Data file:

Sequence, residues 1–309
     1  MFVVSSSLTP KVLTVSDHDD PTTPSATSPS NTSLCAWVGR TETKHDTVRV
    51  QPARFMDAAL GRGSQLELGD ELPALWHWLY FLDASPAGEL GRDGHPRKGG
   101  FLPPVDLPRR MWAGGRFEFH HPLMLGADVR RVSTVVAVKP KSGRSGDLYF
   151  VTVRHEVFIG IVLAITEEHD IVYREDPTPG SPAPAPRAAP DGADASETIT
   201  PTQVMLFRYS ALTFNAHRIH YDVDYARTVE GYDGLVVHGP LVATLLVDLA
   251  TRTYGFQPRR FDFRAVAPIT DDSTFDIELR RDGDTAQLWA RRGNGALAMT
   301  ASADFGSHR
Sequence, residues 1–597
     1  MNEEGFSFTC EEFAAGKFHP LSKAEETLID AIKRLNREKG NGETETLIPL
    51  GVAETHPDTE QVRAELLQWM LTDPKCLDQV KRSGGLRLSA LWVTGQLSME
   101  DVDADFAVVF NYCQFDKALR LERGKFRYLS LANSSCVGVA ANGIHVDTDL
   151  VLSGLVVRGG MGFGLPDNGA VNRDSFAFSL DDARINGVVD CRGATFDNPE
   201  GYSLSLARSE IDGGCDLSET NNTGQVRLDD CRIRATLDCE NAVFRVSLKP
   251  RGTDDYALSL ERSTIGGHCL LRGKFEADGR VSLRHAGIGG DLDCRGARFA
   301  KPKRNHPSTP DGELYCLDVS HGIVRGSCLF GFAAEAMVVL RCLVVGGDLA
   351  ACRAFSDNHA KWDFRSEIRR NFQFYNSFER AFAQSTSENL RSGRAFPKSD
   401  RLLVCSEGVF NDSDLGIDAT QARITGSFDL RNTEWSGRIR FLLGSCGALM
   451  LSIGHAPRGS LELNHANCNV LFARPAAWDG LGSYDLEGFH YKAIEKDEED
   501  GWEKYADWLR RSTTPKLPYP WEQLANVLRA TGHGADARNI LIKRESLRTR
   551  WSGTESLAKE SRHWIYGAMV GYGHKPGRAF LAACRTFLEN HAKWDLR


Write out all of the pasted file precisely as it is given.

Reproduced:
Sequence, residues 1–309
     1  MFVVSSSLTP KVLTVSDHDD PTTPSATSPS NTSLCAWVGR TETKHDTVRV
    51  QPARFMDAAL GRGSQLELGD ELPALWHWLY FLDASPAGEL GRDGHPRKGG
   101  FLPPVDLPRR MWAGGRFEFH HPLMLGADVR RVSTVVAVKP KSGRSGDLYF
   151  VTVRHEVFIG IVLAITEEHD IVYREDPTPG SPAPAPRAAP DGADASETIT
   201  PTQVMLFRYS ALTFNAHRIH YDVDYARTVE GYDGLVVHGP LVATLLVDLA
   251  TRTYGFQPRR FDFRAVAPIT DDSTFDIELR RDGDTAQLWA RRGNGALAMT
   301  ASADFGSHR
Sequence, residues 1–597
     1  MNEEGFSFTC EEFAAGKFHP LSKAEETLID AIKRLNREKG NGETETLIPL
    51  GVAETHPDTE QVRAELLQWM LTDPKCLDQV KRSGGLRLSA LWVTGQLSME
   101  DVDADFAVVF NYCQFDKALR LERGKFRYLS LANSSCVGVA ANGIHVDTDL
   151  VLSGLVVRGG MGFGLPDNGA VNRDSFAFSL DDARINGVVD CRGATFDNPE
   201  GYSLSLARSE IDGGCDLSET NNTGQVRLDD CRIRATLDCE NAVFRVSLKP
   251  RGTDDYALSL ERSTIGGHCL LRGKFEADGR VSLRHAGIGG DLDCRGARFA
   301  KPKRNHPSTP DGELYCLDVS HGIVRGSCLF GFAAEAMVVL RCLVVGGDLA
   351  ACRAFSDNHA KWDFRSEIRR NFQFYNSFER AFAQSTSENL RSGRAFPKSD
   401  RLLVCSEGVF NDSDLGIDAT QARITGSFDL RNTEWSGRIR FLLGSCGALM
   451  LSIGHAPRGS LELNHANCNV LFARPAAWDG LGSYDLEGFH YKAIEKDEED
   501  GWEKYADWLR RSTTPKLPYP WEQLANVLRA TGHGADARNI LIKRESLRTR
   551  WSGTESLAKE SRHWIYGAMV GYGHKPGRAF LAACRTFLEN HAKWDLR